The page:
Our Insights | Agronomy
April 13, 2020

COVID-19 Threats to Turf Industry

As we continue to wade through the COVID-19 pandemic, one thing is certain:  It will take an entire community and industry to successfully get through this unprecedented time.  In this edition of ‘Information to Grow’ on, we would like to focus on minimum maintenance suggestions, provide additional resources, and offer the knowledge that the BRANDT T&O team is here to help, if necessary.

 

Right now, turfgrass managers face the threat of personal infection with the virus, labor shortage, decreased revenue from golf operations, budgetary constraints, and general uncertainty about when this crisis will end.  This represents a difficult set of circumstances to navigate. Communications about the COVID-19 situation, and how it affects your facility, should be obtained from your local GCSAA chapter, municipality or University extension agency.  Please follow all state and local mandates as it relates to work activities and safety protocols.  However, with this said, consider the following opportunities and suggestions:

“Life isn’t about waiting for the storm to pass, it’s about dancing in the rain.” – Vivian Greene

1. Keep employees engaged and safe. Many will need mentoring now more than ever, and you have a say in their health and ‘real world’ education.  Take this seriously and build relationships.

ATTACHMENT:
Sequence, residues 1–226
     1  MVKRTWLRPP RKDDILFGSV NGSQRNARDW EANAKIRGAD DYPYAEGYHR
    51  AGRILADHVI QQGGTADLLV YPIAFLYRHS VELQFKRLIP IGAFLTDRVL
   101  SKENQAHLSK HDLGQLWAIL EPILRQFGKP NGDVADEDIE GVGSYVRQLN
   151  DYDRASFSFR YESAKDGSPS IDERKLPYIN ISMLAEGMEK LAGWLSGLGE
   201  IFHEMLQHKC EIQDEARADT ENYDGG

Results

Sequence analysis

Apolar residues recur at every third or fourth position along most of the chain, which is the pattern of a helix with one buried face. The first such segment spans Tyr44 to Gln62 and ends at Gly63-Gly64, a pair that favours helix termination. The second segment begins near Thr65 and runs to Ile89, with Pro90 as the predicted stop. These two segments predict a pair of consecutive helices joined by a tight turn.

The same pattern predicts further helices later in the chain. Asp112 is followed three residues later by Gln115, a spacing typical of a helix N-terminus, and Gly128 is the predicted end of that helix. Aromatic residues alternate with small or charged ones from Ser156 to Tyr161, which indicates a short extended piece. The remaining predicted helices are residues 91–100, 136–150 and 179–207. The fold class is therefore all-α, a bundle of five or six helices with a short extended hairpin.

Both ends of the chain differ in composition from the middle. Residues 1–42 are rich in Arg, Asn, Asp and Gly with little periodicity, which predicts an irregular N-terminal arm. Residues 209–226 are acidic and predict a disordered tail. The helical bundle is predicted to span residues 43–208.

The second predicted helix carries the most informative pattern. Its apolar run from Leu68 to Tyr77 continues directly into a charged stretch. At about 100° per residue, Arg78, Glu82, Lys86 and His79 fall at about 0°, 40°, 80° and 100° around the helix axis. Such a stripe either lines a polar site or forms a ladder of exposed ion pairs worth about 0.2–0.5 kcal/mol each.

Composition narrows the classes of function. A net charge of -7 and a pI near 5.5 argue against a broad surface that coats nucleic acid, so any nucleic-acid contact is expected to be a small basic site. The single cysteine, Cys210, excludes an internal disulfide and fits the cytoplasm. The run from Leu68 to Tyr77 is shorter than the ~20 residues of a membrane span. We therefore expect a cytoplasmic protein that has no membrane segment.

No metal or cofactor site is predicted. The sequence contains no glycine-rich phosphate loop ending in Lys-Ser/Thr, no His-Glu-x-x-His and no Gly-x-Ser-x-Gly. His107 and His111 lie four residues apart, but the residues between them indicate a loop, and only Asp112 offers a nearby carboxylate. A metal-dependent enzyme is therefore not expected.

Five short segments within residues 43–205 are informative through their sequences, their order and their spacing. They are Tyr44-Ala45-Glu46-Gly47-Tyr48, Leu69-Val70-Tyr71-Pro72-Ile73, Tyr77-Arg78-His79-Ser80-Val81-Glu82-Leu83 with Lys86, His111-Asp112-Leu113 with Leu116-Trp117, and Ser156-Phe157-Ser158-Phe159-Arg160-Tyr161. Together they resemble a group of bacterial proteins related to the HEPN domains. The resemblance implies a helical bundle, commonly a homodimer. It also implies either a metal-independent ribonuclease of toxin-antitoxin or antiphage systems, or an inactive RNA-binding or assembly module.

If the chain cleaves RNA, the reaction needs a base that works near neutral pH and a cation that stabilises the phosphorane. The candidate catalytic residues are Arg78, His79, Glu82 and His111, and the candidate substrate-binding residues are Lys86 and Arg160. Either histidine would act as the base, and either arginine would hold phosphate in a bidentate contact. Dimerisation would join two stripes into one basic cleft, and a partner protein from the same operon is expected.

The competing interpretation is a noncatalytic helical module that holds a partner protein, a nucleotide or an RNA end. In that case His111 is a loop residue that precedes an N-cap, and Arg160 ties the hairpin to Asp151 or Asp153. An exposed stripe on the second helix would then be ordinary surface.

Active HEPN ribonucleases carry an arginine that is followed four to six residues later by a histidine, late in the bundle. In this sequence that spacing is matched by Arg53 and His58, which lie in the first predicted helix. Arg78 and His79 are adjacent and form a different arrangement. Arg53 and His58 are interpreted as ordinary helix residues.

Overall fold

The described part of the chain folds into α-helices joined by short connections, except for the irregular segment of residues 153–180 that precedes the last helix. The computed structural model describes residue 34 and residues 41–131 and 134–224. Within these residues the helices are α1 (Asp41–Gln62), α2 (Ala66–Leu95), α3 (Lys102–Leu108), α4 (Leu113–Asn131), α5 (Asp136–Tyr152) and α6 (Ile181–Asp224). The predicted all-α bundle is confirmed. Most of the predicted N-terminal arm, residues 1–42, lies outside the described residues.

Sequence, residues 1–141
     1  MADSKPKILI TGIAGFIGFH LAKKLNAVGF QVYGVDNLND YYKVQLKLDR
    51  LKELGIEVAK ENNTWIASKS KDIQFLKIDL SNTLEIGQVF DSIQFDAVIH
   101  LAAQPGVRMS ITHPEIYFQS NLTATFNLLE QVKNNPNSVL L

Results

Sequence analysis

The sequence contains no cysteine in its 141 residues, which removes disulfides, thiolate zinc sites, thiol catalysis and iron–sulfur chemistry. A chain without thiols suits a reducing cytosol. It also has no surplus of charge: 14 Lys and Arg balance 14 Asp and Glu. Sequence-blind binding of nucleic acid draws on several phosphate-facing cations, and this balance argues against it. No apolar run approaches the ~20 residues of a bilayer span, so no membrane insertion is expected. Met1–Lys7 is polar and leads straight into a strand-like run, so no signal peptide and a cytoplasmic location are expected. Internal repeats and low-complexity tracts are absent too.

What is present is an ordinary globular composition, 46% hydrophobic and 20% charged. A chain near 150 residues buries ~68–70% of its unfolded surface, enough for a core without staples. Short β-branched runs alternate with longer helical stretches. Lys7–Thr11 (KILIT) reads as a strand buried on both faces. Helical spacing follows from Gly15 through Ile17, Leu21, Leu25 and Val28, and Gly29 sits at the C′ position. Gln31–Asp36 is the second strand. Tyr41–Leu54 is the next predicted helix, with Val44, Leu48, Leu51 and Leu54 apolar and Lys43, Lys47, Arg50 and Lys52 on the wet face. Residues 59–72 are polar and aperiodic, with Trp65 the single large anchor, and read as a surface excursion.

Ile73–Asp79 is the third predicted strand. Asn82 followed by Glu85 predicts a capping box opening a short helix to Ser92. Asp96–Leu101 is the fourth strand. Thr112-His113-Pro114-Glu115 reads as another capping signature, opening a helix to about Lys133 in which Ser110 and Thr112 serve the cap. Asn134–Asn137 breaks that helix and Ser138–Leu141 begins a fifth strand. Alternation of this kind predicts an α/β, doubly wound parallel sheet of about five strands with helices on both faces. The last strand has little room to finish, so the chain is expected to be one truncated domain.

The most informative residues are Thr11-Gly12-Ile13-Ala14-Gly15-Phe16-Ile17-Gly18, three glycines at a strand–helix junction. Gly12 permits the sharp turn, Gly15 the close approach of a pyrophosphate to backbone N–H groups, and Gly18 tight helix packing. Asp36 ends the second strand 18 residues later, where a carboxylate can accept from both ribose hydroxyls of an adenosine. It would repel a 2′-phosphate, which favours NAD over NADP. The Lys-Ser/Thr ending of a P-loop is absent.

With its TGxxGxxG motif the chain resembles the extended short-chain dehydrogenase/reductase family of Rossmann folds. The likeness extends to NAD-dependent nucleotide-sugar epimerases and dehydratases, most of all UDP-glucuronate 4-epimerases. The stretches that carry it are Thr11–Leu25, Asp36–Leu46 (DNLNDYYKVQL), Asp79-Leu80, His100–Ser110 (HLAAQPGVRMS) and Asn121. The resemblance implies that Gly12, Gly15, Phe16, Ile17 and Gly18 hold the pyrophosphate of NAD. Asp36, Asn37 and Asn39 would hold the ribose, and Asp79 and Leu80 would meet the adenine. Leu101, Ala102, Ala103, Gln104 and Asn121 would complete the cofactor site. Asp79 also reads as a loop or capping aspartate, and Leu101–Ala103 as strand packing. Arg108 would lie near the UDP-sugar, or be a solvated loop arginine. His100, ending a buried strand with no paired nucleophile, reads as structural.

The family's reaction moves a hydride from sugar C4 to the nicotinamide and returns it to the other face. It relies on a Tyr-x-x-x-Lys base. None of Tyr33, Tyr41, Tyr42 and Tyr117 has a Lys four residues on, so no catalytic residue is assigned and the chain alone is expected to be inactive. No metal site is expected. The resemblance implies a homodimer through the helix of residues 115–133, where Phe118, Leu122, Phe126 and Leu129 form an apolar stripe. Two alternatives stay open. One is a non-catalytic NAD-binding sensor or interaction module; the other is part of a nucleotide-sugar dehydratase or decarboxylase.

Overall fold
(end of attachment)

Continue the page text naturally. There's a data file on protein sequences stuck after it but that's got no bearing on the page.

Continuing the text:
2. Tackle some of those projects that club, owners, or municipalities have wanted to finalize like tree and irrigation work, an upgraded washing station, pesticide and equipment storage, or record keeping logistics.

 

3. With enough manpower and money, aggressively cultivate without golfers limiting efficiency. 

4. Reduce mowing to a minimum. This will vary depending on grass species and location.  Generally, raise the height of cut to reduce stress and encourage a deeper root system.

 

5. Rely on residual nitrogen (N) for as long as possible. This will depend on soil type, weather (soil temperatures and rainfall), and previous frequency and source of N applications.

 

6. Use slow release N and spoon feed foliar applied nutrients, if possible, to support efficiency and best control shoot growth.

7. If using plant growth regulators (PGR’s) to suppress growth, consider added value technologies to further enhance vigor, rooting, and shoot density. For example, BRANDT iHammer’s glycoregulator technology, which has been shown to offer synergy with PGR’s and reduce stress.

 

Here are links to additional resources:

 

Golf Course Management – Minimum Maintenance Guidelines

 

United States Golf Association – What Happens if You Don’t Maintain a Golf Course?

 

New Jersey GCSA and Rutgers University - Video

 

And remember to contact your local BRANDT territory sales manager for more information or to find out ways that we can help during this difficult time.  Keep in mind that this, too, shall pass.